Latin Music USA; Bridges/ The Salsa Revolution
LMUSA101(Stacked version Masters) Bridges and Salsa Revolution, Green Label Master (Not Closed-captioned)Tape 1/2)
More material is available from this program at the WGBH Archive. If you are a researcher interested in accessing the collection at WGBH, please email firstname.lastname@example.org.
Undigitized item: Request Digitization
Untranscribed item: Request Transcription
- Latin Music USA
- Bridges/ The Salsa Revolution
- Program Number
- Series Description
Latin Music USA is a film about American music. Fusions of Latin sounds with jazz, rock, country, rhythm and blues - music with deeper roots and broader reach than most people realize. It's a fresh take on our musical history, reaching across five decades and across musical genres to portray the rich mix of sounds created by Latinos and embraced by all.
From Latin jazz and mambo to salsa, Tejano, Chicano rock, Latin pop and reggaeton, LATIN MUSIC USA tells the story of the rise of new American music forged from powerful Latin roots and reveals the often overlooked influence of Latin music on jazz, hip hop, rhythm and blues and rock 'n' roll — and on all of American culture. It’s a fresh take on America's musical history, reaching across time and across musical genres to embrace the exciting hybrid sounds created by Latinos, musical fusions that have deeply enriched popular music in the U.S. over more than five decades. Jimmy Smits narrates. Series release date: 10/12/2009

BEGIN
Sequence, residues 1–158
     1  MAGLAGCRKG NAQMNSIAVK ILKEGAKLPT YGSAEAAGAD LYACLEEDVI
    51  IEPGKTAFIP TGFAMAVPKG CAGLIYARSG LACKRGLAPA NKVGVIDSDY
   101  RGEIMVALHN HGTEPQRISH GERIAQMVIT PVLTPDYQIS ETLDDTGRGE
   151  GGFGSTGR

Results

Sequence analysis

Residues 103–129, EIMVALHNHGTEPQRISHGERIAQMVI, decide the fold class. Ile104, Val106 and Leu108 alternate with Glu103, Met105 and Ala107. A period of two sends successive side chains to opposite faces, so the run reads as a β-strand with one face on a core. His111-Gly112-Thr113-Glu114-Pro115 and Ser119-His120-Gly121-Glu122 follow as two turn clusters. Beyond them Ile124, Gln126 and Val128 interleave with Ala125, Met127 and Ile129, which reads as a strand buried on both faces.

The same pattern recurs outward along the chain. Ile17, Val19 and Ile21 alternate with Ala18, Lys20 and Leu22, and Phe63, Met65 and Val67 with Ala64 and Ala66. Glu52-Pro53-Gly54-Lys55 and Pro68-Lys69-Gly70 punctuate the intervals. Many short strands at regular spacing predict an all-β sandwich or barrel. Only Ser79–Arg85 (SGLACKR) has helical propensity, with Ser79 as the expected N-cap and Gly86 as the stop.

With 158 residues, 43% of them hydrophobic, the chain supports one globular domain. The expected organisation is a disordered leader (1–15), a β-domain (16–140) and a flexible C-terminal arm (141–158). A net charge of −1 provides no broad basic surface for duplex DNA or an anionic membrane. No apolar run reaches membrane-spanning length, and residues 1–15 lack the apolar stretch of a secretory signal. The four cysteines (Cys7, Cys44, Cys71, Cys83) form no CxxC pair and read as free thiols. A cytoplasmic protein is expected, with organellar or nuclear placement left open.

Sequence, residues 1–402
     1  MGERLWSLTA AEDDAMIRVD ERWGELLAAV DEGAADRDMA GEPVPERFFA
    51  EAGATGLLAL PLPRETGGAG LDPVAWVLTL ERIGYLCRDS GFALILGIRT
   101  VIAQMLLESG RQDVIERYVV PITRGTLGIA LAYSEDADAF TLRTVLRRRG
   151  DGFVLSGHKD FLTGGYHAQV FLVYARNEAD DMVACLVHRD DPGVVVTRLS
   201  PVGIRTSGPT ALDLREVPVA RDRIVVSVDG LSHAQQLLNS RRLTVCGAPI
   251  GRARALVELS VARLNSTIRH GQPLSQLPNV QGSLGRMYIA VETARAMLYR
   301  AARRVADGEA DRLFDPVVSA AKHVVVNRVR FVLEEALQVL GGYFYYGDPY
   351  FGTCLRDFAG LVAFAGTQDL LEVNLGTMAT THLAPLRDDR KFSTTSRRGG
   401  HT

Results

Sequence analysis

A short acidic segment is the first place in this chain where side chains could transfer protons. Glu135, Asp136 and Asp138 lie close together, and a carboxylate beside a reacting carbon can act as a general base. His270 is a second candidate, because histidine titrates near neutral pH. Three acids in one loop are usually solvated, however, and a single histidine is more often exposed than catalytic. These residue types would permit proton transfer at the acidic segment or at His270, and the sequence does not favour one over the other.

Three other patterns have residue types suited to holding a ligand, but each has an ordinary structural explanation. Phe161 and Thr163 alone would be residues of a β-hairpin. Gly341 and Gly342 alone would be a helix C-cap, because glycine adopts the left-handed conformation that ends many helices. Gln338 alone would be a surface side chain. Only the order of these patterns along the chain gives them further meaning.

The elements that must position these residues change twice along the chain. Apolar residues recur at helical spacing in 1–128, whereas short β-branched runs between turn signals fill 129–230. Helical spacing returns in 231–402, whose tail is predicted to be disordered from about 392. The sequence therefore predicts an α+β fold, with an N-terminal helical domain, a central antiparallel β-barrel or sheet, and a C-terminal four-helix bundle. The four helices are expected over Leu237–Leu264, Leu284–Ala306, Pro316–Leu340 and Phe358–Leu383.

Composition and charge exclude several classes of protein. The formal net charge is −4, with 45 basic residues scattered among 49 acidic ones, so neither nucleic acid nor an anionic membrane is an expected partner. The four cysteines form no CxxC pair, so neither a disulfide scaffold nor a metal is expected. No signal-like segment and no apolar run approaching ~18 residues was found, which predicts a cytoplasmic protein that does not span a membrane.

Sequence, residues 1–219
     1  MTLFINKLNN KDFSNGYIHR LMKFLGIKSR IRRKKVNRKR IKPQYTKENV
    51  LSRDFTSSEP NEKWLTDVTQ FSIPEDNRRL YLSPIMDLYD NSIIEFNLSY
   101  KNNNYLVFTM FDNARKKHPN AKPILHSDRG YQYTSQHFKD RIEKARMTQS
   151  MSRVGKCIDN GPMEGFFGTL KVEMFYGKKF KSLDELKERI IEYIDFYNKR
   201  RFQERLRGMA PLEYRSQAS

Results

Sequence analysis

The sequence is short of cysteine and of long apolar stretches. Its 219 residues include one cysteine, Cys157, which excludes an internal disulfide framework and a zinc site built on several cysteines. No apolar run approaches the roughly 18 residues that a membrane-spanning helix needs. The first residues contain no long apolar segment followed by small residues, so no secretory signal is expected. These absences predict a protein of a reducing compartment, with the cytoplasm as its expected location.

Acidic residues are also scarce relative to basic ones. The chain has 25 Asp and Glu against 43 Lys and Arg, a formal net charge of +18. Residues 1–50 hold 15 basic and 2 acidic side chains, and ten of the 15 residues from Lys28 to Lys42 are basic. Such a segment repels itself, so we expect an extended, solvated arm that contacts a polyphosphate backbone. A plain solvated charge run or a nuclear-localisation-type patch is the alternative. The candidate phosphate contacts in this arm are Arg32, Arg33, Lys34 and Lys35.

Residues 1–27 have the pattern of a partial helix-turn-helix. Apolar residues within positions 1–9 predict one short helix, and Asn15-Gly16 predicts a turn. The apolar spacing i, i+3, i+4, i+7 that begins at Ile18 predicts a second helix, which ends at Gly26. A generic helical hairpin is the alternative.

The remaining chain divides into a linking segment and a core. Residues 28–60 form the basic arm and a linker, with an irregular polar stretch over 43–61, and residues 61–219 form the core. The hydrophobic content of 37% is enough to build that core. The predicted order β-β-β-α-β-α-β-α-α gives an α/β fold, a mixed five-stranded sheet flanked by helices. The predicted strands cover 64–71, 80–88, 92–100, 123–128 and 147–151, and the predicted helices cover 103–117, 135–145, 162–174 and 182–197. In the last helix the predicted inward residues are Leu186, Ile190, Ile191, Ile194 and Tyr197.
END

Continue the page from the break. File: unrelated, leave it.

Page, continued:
- Program Description
See individual titles for additional assets.
Bridges A new wave of music and dance styles—Latin jazz, the mambo, and the cha cha chá—sweep across the nation from New York City to San Francisco. Latin music influences rock and roll and rhythm and blues through the 1960s.
Latin Jazz (Afro-Cuban Jazz) In the 1940s, Cuban musicians living in New York City performed with renowned African American bandleaders such as Duke Ellington and Dizzy Gillespie. They began to mix Cuban rhythms and instruments with American jazz riffs, creating an exciting new sound that is still popular today.
The Salsa Revolution n New York City, Puerto Rican and other Latino musicians blend Cuban and Puerto Rican rhythms with soul and jazz to create the popular salsa sound.
Salsa Salsa is not only a spicy sauce. It’s also a popular Latin music and dance style known for its high-energy, hip-swaying rhythms and exciting turns. In the late 1960s, innovative Latino musicians in New York City created the sound from a mix of Puerto Rican and Cuban rhythms, soul, and jazz. Salsa’s popularity soon spread to Latin America and beyond. Today, people from all corners of the globe move to salsa’s infectious beat.
BBC produced, acquisition for series.
- Asset Type
- Media Type
- Chicago: “Latin Music USA; Bridges/ The Salsa Revolution,” 07/22/2009, WGBH Media Library & Archives, accessed June 29, 2017, http://openvault.wgbh.org/catalog/V_7B5A19DD407F4E56A2C111AA8C44A6D2.
- MLA: “Latin Music USA; Bridges/ The Salsa Revolution.” 07/22/2009. WGBH Media Library & Archives. Web. June 29, 2017. <http://openvault.wgbh.org/catalog/V_7B5A19DD407F4E56A2C111AA8C44A6D2>.
- APA: Latin Music USA; Bridges/ The Salsa Revolution. Boston, MA: WGBH Media Library & Archives. Retrieved from http://openvault.wgbh.org/catalog/V_7B5A19DD407F4E56A2C111AA8C44A6D2